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Aaron Rodgers: From Unknown To Unmatched

Scott Enyeart |
February 7, 2011 | 11:09 a.m. PST

Staff Reporter

Aaron Rodgers has solidified himself as one of the best in the game. (Creative Commons/avinashkunnath)
Aaron Rodgers has solidified himself as one of the best in the game. (Creative Commons/avinashkunnath)
Green Bay's Aaron Rodgers has made a career out of turning doubters into believers.

On Sunday, he did it on football's biggest stage, leading his Packers to a 31-25 victory over the Pittsburgh Steelers in Super Bowl XLV.

Rodgers' 304-yard, three-touchdown performance also earned him game MVP honors. Not bad for a guy who has been overlooked at every level of his career.

In 2002, when Rodgers graduated from Pleasant Valley High School in Chico, Calif. he was undersized, unheralded and unwanted.

He had options, sure, but not the ones you'd expect a future Pro Bowl quarterback to have. His choices were to walk-on at Illinois for coach Ron Turner, play at a junior college or give up football altogether.

Rodgers elected to stay close to home and attend Butte Junior College in nearby Oroville, Calif. -- just 12 miles from Pleasant Valley High.

After one year at Butte he was offered a scholarship when Cal head coach Jeff Tedford stumbled upon him. Tedford was only at the school to recruit someone else, but liked what he saw in Rodgers.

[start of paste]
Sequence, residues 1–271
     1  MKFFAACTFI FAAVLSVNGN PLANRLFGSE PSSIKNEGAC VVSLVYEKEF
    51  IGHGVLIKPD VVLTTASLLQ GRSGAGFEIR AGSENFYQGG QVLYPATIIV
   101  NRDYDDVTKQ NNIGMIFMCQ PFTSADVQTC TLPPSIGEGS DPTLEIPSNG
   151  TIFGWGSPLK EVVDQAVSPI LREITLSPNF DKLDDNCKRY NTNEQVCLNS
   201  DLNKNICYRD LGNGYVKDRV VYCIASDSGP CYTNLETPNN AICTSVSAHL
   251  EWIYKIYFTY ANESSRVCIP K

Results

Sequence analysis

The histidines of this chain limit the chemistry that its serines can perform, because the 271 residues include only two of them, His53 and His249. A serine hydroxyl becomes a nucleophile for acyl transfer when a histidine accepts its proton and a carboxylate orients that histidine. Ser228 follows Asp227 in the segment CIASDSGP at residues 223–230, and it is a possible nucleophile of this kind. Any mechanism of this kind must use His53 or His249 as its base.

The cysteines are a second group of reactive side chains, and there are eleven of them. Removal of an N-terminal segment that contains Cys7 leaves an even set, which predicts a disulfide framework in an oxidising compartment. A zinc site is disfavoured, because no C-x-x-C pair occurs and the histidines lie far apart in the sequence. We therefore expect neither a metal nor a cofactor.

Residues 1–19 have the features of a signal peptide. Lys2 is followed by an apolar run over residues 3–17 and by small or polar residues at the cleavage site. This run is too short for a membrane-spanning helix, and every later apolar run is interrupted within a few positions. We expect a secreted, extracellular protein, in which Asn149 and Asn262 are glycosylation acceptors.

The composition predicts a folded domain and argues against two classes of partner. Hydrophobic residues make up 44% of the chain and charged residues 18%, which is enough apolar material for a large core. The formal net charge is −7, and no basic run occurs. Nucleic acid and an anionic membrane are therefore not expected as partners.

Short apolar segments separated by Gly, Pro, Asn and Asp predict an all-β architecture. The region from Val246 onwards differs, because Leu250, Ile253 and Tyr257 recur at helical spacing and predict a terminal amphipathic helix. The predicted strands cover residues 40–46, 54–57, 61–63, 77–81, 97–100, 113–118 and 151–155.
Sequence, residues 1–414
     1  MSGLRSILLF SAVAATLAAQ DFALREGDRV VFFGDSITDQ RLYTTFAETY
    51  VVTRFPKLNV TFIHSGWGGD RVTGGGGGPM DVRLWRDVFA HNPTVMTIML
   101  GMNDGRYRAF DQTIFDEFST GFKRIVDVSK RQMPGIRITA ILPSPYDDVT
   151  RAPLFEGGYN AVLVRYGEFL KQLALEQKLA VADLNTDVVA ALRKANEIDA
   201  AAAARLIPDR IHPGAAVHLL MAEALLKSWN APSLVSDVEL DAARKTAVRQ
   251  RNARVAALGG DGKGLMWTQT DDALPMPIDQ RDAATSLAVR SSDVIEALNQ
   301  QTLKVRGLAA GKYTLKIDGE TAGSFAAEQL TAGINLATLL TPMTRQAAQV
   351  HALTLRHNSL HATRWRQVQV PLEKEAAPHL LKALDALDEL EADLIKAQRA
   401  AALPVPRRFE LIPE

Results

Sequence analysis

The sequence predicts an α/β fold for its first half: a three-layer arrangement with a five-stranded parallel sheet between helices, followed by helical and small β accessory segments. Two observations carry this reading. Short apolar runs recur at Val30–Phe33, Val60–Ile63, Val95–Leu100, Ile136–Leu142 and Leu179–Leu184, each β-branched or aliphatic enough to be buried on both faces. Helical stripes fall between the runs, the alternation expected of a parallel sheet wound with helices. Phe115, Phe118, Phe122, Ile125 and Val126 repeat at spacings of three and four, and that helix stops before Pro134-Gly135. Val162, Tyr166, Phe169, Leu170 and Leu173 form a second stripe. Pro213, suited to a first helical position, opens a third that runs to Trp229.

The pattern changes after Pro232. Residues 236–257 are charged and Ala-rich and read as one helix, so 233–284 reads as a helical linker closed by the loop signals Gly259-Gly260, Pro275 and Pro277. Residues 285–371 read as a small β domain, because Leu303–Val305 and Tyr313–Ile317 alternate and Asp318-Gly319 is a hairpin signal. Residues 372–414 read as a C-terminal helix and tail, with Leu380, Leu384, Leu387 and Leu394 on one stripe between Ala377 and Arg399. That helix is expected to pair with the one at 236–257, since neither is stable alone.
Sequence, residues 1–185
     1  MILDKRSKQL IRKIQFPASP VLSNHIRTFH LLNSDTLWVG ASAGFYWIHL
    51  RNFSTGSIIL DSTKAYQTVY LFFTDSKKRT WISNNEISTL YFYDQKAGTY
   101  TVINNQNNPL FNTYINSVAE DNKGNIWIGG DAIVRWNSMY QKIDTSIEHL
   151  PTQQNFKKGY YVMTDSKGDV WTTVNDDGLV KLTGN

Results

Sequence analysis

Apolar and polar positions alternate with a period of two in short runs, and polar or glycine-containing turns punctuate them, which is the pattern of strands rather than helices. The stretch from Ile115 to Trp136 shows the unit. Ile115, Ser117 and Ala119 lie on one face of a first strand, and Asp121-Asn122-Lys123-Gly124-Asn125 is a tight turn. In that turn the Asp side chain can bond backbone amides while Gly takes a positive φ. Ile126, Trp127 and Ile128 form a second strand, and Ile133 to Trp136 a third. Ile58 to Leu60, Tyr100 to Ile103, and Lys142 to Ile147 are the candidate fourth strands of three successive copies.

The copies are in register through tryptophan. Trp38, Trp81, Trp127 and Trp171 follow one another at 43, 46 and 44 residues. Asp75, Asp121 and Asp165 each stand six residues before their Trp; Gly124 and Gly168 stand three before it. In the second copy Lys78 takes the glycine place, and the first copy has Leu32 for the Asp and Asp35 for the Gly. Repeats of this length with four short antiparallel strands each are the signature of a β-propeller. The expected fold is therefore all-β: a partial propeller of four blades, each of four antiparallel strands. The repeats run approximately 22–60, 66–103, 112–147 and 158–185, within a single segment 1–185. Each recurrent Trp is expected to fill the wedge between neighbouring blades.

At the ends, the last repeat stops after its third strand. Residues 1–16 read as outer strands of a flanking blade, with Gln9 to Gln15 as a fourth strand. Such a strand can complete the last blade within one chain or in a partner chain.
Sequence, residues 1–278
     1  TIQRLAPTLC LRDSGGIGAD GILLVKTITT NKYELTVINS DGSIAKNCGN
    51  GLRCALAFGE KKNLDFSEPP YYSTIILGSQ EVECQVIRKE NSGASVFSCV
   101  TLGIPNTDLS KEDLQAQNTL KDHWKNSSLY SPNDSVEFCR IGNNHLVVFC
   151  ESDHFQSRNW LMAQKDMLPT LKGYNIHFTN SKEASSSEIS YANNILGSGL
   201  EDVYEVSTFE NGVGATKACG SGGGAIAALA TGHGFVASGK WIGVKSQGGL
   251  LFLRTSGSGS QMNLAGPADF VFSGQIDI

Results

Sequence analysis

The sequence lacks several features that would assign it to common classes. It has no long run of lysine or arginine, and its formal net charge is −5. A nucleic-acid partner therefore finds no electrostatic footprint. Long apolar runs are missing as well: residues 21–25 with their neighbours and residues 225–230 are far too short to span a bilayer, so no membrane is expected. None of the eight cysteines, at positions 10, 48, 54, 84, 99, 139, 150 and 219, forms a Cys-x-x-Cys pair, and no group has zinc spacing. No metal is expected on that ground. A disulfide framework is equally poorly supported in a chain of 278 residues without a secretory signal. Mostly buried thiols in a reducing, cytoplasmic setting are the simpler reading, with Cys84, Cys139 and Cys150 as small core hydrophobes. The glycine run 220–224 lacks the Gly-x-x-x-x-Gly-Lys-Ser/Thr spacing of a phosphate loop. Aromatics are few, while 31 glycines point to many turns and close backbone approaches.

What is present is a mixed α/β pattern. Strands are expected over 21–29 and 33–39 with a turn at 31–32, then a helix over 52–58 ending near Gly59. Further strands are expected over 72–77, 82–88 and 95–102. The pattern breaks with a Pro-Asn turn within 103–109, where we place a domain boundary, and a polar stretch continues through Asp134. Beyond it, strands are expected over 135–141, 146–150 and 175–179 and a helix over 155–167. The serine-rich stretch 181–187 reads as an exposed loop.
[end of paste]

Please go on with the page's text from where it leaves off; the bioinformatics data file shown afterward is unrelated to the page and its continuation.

It was at Berkeley that people began to finally take notice of Rodgers. He earned All-Pac-10 honors twice. After completing his junior year, he decided to enter the 2005 NFL draft.

He was projected as the potential No. 1 overall pick, and the San Francisco 49ers -- the team Rodgers grew up rooting for -- needed a quarterback. However, San Francisco selected Alex Smith out of Utah and Rodgers slid down the draft board, falling all the way to the Packers, where he became the 24th player selected.

Rodgers, who was in the draft Green Room since it was expected he would be a high pick, waited four hours, 35 minutes before his name was finally called. ESPN cameras showed Rodgers, embarrassed and struggling to keep his composure. Once again, it seemed, he was unwanted.

In Green Bay, Rodgers sat behind Brett Favre for three years before getting his chance. Today, they share the same number of Super Bowl rings.

Last night's performance was Rodgers' induction into a fraternity of Super Bowl-winning quarterbacks that includes the likes of Favre, Joe Namath, Steve Young, Peyton Manning, Drew Brees and Kurt Warner. An impressive list, but not the list Aaron Rodgers wants to be on.

Tom Brady, Joe Montana, John Elway, Terry Bradshaw and six others are the quarterbacks who have won multiple Super Bowls.  That's the fraternity Rodgers really wants to join.

Favre shaped his legacy quarterbacking the Packers for 16 seasons, so comparing Rodgers to Favre comes naturally. It's noteworthy to point out that the Super Bowl MVP trophy won by Rodgers is an award Favre never got.

Now, in just his third season as a starter, Rodgers has started to shape a lofty legacy of his own.

Rodgers is the only quarterback in league history to pass for back-to-back 4,000 yard seasons in his first two years as a starter. 

Not enough? He is the currently the regular season's highest rated quarterback (98.4) in NFL history.

Need more proof? He gets better in the playoffs.  Rodgers has the highest postseason QB rating ever at 112.6, besting his closest competitor by nearly eight points. Tom Brady? 85.7. Peyton Manning? 88.4.

You get the point.

The kid nobody wanted is now a guy every team would claw for to be the face of its franchise. He's proven that much.

It's time we stop comparing Aaron Rodgers to the NFL's elite, and instead start comparing the NFL's elite to Aaron Rodgers.


To reach Scott Enyeart, click here. Follow him on Twitter, @scottenyeart.



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